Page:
Light Touch Harms the Pleasure – The Age (10/09/94)

Light Touch Harms The Pleasure
News; Arts
10 September 1994
The Age


Amadeus by Peter Shaffer; directed by Jean-Pierre Mignon; design and costumes by Richard Jeziorny; cast includes Barry Otto, Rhys Muldoon and Nadine Garner, Athenaeum.


IT IS 13 years since Peter Shaffer's Amadeus was first seen in Melbourne in a production by the MTC. Since then, we have had the film. The events of the play are probably familiar as a result; but the writing itself remains a pleasure.


As most theatregoers will know, Amadeus is a duel to the death between two musical rivals of the Hapsburg court: Wolfgang Amadeus Mozart, who gives the work its title, and Antonio Salieri, who is its moving force.


It is a study in envy and destruction. Salieri, a prolific composer in his own right, has ambitions of “blazing like a comet'' across the firmament of Europe. Then Mozart arrives at court, and Salieri realises to his consternation that he has a young genius as a rival.


If his own music is not to be eclipsed, Mozart will have to be brought down.


So Salieri sets about a campaign of obstruction and destruction. So fierce is his envy, and so acute his personal sense of failure in the face of Mozart's brilliance, that he feeds arsenic to him. This is the controversial element in the play. Whether it happened in real life is beside the point.


For if Salieri didn't actually poison Mozart, he poisoned his career by blocking his advancement at court and keeping him in a state of penury. But equally, Mozart poisoned Salieri's life in turn, exposing his artistic mediocrity and ensuring that in years to come it would be Mozart whose music would be played endlessly while Salieri's would fade into relative obscurity.


The two protagonists are sharply differentiated. Salieri is urbane and courtly but also treacherous while Mozart, far from being an angelic creature who pours out heavenly music, is a crude, impish, guileless creature who plays infantile games with his wife Constanze and shocks the court with his obscenities and his scatological references.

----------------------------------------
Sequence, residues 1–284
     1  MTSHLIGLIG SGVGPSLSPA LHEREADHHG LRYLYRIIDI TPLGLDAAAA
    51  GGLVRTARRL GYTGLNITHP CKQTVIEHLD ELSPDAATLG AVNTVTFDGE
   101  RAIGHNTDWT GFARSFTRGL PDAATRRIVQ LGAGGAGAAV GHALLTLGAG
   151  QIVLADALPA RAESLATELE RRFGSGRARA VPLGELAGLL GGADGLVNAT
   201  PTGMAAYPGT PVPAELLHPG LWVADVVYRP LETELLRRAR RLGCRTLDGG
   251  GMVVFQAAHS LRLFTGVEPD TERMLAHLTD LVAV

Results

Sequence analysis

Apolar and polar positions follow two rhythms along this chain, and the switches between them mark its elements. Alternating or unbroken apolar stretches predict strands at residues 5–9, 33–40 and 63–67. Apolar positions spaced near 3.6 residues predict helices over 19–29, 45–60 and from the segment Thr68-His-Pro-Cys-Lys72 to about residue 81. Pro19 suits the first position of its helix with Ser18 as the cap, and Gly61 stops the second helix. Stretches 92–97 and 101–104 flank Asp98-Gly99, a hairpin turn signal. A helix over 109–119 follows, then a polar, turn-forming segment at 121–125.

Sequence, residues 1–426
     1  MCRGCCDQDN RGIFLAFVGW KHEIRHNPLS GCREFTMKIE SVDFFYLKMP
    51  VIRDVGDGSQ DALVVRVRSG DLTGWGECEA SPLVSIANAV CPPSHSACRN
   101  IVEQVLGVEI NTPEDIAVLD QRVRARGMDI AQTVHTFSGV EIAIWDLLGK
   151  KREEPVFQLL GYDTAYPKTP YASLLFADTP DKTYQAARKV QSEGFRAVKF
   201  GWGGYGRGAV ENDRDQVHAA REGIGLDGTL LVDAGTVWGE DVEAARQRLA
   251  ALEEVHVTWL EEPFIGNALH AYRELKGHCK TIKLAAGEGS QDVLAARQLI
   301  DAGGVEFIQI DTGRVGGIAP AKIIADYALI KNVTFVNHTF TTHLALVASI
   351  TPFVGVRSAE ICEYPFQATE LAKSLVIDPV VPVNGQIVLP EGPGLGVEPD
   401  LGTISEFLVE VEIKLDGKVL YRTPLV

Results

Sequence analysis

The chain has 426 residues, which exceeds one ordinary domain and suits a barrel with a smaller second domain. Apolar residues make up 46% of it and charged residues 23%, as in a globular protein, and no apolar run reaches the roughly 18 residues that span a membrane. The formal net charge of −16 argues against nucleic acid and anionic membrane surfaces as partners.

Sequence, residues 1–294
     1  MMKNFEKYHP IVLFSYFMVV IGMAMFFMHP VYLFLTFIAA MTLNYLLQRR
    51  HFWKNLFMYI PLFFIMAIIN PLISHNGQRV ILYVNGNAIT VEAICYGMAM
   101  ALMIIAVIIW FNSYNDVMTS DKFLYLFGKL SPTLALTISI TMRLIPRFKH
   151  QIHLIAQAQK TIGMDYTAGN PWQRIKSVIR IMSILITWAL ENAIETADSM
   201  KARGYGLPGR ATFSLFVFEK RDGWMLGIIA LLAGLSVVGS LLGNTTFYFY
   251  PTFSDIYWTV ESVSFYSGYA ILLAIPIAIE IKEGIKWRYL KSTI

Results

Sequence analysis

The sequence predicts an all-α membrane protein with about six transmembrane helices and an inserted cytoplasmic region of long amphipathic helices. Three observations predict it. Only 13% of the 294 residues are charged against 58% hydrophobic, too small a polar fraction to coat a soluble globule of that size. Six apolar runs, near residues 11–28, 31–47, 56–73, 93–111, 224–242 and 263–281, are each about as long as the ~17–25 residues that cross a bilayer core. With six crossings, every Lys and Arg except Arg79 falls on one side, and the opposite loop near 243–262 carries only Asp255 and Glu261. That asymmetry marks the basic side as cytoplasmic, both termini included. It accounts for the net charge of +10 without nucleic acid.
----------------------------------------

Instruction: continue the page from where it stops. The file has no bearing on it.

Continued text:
In Jean-Pierre Mignon's production, the two men are played by Rhys Muldoon as Mozart and Barry Otto as Salieri. When we first see the latter, it is 32 years after Mozart's death, and the kapellmeister is a dying old man in a wheelchair. His voice is cracked; his mouth is gummy. He picks away at a plate of sweetmeats and pastries which, he confides, have been his lifelong addiction.


Suddenly he tosses off his blanket and dressing gown to reveal the younger man beneath. In Otto's hands, he emerges clearly. The performance is beautifully spoken but mannered, too close to the surface and too transparent. What it lacks is a true and compelling sense of malevolence.

Muldoon's Mozart by comparison is boyish in manners and enthusiasm. He is required to be coarse and playful, and that is how Muldoon plays him, especially in the scenes with the down-to-earth Constanze (Nadine Garner).


Mignon's production does the play rough justice, skating over the events of the play lightly but for the most part uninvolvingly. It is agreeable enough, but with inappropriate cartoon elements – an Emperor (Bill Ten Ecyk), for example, who is a mere figure of fun, and the two venticelli or gossip-mongers (Ernie Gray and Reg Evans) who are played as panto creatures with no hint of the sinister.


The production is visually pleasant if not lavish, save for the cottonwool wigs that do nothing for their wearers. Where it is at its best is in scenes where the music feeds the drama – where, for example, Mozart and Constanze play a childish game which turns into Papageno's song from The Magic Flute, and in the early scene where Mozart goes to the keyboard, plays from memory a little welcome piece written in his honor by Salieri, and then turns it on the spot into an aria from the still-to-be-written Marriage of Figaro.


It is neat dramatic moments like these that make the play so pleasurable. Would that the production fully matched it.

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